Tuesday, October 29, 2013

Porni's Post

Hello world! Poorni is feeling a bit under the weather today, so this is Porni doing the honors. In case you don't know me, just check out the first post in this blog.

Anyway, me being here, I think we all know that fun stuff is coming up. (Down with the prudes!)

First, I should mention that I went with my friends to China Town. And of all the things that I could have seen and committed to memory, one image burned onto the mind, never to be forgotten, is that of certain stalls on the street.

Now, I am not a retiring school teacher who secretly reads novels of a suspect nature. I read them openly. I also don't look away when people get it on on the screen. I hit rewind. (Woohoo!) But that's as far as I go. I mean, I'm not sick. I don't wanna go to certain countries in the world just to see if they really do make out in public. Not that I won't look...

But, coming to the point, looking is exactly what I had trouble with as I walked down the street in China Town. When one of the group pointed and said, 'look at that!,' I peered at stalls with some plasticky stuff that looked all pink and brown and what not. It didn't register immediately. When it did, I reared back like a virginal horse that's been slapped on the butt (not a classy visual, but somewhat kinky).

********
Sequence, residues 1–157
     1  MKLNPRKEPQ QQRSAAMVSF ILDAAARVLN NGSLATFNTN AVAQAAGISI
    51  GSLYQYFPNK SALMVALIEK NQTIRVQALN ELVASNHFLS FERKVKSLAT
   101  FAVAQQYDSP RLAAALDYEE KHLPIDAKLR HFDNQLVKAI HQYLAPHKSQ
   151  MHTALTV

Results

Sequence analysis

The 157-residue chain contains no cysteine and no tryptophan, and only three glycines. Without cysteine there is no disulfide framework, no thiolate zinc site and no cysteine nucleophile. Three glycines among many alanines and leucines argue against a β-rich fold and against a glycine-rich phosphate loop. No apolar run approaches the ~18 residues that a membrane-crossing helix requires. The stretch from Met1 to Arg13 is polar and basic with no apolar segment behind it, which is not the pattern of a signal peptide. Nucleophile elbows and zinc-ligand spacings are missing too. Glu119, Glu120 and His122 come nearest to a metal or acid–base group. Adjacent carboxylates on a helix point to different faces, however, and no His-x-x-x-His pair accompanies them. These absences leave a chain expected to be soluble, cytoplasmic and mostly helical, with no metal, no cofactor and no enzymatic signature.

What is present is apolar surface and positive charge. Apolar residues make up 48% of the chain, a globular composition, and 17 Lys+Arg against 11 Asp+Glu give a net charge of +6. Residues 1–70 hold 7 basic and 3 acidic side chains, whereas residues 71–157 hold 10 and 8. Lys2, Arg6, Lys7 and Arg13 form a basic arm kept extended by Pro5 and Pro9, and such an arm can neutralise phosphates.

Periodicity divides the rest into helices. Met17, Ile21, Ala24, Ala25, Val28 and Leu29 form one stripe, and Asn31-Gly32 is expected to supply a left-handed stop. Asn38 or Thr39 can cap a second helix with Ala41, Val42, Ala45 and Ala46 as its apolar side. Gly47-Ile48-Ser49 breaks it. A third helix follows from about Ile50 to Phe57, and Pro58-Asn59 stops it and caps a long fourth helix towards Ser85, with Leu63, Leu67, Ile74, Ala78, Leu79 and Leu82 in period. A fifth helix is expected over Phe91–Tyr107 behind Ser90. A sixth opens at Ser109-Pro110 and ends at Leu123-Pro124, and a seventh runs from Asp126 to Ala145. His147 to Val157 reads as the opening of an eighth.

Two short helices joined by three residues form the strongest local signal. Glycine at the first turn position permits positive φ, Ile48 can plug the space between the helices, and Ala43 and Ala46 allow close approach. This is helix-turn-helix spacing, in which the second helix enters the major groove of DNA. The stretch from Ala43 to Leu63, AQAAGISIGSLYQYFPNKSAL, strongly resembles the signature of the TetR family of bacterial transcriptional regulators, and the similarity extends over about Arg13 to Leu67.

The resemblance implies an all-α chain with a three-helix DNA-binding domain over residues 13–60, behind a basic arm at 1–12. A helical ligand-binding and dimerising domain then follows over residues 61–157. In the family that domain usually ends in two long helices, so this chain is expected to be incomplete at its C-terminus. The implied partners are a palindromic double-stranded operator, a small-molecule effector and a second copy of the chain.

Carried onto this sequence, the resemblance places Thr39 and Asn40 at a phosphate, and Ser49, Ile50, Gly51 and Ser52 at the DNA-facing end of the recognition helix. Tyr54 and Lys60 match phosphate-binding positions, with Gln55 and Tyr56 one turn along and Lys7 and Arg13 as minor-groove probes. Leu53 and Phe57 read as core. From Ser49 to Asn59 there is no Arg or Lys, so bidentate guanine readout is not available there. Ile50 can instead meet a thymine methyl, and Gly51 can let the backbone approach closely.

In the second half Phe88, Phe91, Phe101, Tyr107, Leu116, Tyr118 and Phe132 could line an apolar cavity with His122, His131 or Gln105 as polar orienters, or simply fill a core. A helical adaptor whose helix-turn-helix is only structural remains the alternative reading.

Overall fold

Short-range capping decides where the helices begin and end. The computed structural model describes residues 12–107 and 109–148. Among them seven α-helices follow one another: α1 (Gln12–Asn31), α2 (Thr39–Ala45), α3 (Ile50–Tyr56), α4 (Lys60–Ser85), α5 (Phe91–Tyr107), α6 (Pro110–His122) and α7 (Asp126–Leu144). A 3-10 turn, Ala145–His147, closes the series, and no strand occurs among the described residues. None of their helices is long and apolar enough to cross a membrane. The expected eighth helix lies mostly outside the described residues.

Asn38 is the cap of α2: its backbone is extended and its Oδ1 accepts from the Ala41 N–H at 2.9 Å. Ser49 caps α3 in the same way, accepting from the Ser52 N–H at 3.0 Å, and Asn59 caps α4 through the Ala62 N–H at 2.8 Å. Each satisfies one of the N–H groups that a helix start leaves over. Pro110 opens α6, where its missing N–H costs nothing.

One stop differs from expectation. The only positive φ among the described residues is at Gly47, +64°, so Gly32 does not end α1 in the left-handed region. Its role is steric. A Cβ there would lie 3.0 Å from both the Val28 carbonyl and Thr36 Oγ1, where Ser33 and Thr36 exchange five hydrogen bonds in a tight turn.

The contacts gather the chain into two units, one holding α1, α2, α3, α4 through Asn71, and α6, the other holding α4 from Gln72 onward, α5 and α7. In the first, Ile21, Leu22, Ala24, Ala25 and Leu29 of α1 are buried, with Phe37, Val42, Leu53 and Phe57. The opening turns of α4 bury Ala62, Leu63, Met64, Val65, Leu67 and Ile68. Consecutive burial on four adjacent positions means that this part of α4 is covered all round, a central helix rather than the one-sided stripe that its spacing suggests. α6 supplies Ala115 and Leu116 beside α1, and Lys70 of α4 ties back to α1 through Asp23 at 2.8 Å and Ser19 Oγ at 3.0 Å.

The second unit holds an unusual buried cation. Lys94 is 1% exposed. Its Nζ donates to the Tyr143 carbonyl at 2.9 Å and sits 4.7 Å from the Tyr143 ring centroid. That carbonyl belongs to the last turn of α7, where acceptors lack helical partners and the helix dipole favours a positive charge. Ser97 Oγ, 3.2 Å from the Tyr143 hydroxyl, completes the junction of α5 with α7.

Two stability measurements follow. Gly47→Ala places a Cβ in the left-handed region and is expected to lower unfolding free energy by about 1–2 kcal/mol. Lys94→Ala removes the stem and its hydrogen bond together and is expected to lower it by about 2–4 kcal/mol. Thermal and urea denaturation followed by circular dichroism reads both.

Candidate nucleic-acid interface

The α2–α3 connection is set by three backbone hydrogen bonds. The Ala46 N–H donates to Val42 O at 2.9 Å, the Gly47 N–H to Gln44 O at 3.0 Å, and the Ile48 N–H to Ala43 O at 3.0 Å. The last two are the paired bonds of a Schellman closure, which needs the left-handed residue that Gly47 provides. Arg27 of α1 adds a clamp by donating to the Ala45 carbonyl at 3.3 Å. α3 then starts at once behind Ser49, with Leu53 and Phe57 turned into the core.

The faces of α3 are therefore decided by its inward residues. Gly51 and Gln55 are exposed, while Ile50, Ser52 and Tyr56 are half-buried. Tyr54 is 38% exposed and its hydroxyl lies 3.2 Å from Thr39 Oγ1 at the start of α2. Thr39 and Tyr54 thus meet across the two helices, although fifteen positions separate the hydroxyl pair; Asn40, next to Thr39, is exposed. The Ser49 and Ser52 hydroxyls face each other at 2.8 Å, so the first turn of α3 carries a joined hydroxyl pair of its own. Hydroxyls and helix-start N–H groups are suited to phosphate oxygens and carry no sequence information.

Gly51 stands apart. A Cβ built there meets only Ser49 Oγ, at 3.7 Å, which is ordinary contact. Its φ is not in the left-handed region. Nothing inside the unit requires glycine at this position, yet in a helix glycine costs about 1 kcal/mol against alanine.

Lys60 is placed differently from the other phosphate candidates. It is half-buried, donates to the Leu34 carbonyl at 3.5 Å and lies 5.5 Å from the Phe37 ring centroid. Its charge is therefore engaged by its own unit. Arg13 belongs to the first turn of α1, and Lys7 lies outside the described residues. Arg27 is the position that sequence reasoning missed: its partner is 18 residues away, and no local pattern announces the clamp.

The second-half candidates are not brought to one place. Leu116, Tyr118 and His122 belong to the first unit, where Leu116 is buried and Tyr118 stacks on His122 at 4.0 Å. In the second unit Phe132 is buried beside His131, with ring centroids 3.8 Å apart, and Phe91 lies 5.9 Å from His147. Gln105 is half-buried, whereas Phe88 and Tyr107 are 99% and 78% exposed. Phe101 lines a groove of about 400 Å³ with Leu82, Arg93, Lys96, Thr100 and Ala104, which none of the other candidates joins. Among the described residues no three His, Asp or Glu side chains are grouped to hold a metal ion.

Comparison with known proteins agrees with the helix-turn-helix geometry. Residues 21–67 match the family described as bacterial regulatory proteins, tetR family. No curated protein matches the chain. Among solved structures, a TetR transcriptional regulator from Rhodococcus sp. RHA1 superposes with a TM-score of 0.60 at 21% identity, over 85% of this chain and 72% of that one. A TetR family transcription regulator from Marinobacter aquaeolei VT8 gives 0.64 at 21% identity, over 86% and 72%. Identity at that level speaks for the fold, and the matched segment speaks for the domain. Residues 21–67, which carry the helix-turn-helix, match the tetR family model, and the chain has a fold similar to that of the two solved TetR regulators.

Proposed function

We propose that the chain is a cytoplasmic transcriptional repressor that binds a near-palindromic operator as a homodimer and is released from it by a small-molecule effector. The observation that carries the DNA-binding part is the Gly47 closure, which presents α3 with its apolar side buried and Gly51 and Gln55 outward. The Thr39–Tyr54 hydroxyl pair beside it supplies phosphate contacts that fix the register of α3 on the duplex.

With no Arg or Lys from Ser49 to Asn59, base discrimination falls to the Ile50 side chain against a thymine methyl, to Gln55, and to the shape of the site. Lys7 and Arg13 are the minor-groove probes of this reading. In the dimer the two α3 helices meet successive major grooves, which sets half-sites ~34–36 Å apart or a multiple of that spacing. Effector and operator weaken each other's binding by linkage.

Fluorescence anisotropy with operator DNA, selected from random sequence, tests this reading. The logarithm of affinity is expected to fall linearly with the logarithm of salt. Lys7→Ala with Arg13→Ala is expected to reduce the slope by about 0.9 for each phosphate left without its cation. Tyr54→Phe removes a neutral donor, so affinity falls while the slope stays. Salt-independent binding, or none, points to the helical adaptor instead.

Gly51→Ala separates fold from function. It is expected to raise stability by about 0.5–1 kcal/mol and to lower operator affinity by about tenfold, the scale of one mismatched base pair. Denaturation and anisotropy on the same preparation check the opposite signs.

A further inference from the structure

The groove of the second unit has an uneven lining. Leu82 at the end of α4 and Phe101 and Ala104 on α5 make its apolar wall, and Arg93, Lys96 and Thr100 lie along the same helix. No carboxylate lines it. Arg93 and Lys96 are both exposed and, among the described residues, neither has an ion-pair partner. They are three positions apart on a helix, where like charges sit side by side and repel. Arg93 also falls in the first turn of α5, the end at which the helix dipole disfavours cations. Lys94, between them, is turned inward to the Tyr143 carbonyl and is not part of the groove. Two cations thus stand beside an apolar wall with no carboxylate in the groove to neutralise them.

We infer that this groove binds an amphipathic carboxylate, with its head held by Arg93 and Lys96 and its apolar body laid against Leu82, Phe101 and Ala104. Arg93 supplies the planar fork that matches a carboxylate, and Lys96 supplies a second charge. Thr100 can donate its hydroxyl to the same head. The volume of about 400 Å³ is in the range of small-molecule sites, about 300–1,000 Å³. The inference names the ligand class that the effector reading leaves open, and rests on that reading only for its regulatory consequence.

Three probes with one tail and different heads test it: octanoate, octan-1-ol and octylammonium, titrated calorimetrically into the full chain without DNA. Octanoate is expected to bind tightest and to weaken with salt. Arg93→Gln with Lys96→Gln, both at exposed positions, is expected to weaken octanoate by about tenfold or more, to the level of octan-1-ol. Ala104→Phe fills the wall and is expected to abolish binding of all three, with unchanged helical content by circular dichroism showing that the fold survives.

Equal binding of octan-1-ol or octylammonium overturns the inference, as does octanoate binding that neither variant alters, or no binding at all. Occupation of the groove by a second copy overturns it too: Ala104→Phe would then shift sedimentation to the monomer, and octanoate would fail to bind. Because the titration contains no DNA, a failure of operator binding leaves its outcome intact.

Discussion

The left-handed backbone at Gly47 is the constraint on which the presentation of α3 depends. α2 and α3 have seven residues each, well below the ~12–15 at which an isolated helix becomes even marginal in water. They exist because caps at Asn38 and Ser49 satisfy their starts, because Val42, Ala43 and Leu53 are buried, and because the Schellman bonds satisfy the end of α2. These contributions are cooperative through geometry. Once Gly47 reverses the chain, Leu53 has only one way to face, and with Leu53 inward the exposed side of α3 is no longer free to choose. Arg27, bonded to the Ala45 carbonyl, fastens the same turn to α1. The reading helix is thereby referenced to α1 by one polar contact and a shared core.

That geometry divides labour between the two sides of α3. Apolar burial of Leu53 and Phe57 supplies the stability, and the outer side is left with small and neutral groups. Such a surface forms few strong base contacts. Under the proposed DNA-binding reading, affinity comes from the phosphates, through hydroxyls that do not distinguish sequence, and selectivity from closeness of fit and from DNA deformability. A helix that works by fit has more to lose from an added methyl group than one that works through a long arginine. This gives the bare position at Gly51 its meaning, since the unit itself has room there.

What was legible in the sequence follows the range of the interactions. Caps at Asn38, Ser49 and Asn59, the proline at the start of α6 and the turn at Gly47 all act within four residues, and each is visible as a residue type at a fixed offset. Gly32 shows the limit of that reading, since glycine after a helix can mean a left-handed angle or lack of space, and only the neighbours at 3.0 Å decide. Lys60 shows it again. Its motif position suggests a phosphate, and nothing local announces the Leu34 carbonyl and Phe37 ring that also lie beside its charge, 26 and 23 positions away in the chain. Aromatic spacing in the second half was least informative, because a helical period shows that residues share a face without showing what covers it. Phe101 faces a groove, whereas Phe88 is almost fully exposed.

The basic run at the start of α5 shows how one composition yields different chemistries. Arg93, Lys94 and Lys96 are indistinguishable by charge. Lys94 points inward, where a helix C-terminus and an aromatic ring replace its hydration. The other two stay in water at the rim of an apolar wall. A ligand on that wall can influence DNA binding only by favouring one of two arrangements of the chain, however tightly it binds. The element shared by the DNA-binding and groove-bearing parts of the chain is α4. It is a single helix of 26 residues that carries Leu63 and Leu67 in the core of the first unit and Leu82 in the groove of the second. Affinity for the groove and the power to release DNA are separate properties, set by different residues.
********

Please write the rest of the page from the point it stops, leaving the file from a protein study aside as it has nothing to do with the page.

You may look at that image and smile, but let me tell you that it was an act of moral courage that's letting you ogle at it! It happened thusly- I knew I had to take a pic, but I couldn't bring myself to. I blushed to the roots and walked quickly, grasping my camera in a death grip, chanting, 'I can't do it, I can't do it.' The only way I could, finally, was to hold my camera up and walk fast, clicking randomly as I went, making zero eye contact with anyone and pretending I had no clue what my hands were doing. That last bit didn't come out right, but you know what I mean ;) The reason is, sigh, again, coz I'm Indian. We pretend people get pregnant magically. (Seriously. Look up Hindu mythology.)

So, maybe I don't get an award, but in my eyes, what I did for the public (you), makes me a hero... *sniff. *bows to applause.